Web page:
Why FightCamp Is the Home Fitness Program You’ll Actually Stick To
Four homegrown fighters reflect on their transformations from apathetic to athletic
In partnership with FightCamp
There’s a running joke online that home fitness machines are really just thousand-dollar drying racks. Bowflex, Peloton, whatever the hell the “Ab Lounge” was…in the end, the second their existence outlasts your excitement, they’re all just another place to hang damp jeans.
But when given a chance — and, critically, a chance that lasts longer than a month or two — you’d be surprised at how much better these toys are at getting you in shape than getting the moisture out of your clothing.
Delece’s free-standing FightCamp bag has been clothes-free for a while now. She purchased the connected fitness system two years ago, and has punched and kicked with it on a consistent basis ever since. This sort of regimen was once unthinkable for the mother of six, who works in electrical design.
“I’ve never been fit in my life,” she says. “I hardly worked out before I got FightCamp. I had chronic pain, felt weak, ran out of breath just from walking. But during a ‘good month’ I’ll use FightCamp three to five times a week.”
Delece now eagerly looks forward to her boxing and shadow-boxing sessions, despite the fact that before she brought home FightCamp, she’d never trained in martial arts in her life. “Childhood dreams starting in my 30s,” she says.
Nicole, meanwhile, “always wanted to try” martial arts but felt too intimidated. “I never felt I could do it,” she says. FightCamp flipped that script. The mother of two, who remembers “never knowing what to do at gyms,” now works out six days a week with FightCamp.
“It’s more than an app,” Nicole says. “ It’s convenient, it’s fun, it’s a way of life. I feel so bad when I have to miss a workout.” Once utterly lost with fitness, Nicole estimates she’s now at her physical peak — at the age of 40.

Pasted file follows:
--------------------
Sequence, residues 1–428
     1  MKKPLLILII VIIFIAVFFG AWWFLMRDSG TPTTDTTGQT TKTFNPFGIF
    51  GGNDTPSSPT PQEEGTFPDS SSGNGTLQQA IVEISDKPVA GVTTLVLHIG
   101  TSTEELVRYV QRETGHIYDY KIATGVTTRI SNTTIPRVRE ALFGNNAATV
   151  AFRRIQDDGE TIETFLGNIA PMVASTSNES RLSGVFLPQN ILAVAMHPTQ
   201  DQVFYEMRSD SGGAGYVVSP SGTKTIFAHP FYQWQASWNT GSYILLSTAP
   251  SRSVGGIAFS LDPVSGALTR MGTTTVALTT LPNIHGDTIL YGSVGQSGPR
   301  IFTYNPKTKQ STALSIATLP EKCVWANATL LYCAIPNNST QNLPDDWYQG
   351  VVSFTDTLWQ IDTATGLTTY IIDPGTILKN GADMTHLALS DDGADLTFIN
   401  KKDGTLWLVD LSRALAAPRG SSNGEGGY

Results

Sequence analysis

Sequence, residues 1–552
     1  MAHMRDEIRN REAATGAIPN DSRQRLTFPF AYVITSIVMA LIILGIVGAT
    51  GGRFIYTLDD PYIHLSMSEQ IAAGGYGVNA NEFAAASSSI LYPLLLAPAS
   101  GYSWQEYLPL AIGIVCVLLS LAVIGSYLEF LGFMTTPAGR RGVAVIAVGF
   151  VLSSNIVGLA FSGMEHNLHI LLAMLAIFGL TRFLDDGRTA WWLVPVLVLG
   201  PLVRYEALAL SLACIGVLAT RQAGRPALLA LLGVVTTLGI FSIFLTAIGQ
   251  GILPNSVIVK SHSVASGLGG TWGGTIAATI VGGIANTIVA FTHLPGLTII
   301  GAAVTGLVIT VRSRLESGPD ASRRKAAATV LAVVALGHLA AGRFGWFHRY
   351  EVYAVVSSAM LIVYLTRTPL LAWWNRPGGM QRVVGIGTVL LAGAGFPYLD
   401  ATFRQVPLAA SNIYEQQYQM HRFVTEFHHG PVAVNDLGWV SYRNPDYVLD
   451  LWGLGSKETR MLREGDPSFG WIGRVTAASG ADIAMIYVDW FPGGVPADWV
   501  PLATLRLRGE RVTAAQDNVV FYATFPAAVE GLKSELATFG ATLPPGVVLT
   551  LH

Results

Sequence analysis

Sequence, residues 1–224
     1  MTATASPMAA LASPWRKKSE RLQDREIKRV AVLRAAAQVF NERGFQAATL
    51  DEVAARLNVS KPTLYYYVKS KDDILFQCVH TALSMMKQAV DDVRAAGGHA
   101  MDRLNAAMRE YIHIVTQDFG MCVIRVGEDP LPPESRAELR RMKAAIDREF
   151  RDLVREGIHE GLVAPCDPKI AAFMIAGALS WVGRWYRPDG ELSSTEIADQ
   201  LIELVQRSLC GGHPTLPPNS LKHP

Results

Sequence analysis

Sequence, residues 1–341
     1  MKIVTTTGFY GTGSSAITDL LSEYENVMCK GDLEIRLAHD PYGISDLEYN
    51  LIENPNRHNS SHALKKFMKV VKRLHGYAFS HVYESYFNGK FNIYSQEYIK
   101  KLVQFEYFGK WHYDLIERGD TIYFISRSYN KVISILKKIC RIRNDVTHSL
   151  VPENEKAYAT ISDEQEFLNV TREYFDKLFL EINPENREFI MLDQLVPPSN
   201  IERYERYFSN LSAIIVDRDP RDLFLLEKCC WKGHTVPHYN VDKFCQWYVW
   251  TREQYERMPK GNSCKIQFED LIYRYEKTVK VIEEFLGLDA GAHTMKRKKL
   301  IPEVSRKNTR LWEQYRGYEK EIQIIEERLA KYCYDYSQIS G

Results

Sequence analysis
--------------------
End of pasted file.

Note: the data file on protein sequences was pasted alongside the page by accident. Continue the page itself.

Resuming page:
FightCamp’s superfans tend to praise the enthusiastic trainers, the clever punch-trackers and the sense of competitiveness within the community. One acolyte, a 30-year-old entrepreneur named Alex, says the app “made him fall in love with pure punching workouts.” According to his FightCamp app stats, he has thrown a quarter of a million punches since March 2021.
In some cases, though, FightCamp functions as a launching pad for devotees to branch out into even more martial arts training in local gyms — proving that home fitness doesn’t necessarily need to be at odds with the recent return of class culture.
Amanda, for instance, started Muay Thai classes nine months into working out with the FightCamp program. “There is absolutely no way I would’ve had the confidence to step out of my comfort zone and go into an environment where I’m the only female [before FightCamp].”
While FightCamp’s biggest proponents point to how important the program was for them to stay active during COVID (Alex is one user who remembers hitting his physical “rock bottom” during quarantine, and gaining 30 pounds before he started working out with FightCamp trainers), the service has a knack for ameliorating mental health woes, too.
Consider: Delece has suffered from OCD, bipolar disorder and PTSD for over 20 years. Amanda’s son needed a bone marrow transplant two years ago. Nicole received a cancer diagnosis in 2018. Alex has battled anxiety for a decade. But even with these real world struggles, these trainees have found salvation in regular workouts a true salvation.
Delece sums it up best: “Everyone always says exercise is important for your mental health, but I just couldn’t find anything I could consistently stick to. FightCamp has become a necessity. It’s helped me with routine, structure, accountability, you name it. That’s not to mention how empowering learning how to box as a domestic abuse survivor. I am a fighter now!”
Kickboxing can’t make these struggles disappear, of course. But as a powerful, distractive and exhilarating outlet, perhaps it can make them more manageable, and relieve some of the stress and pressure of life’s more unjust surprises along the way. That’s more valuable in the end than washboard abs, anyway. And it’s certainly more valuable than a thousand-dollar drying rack.
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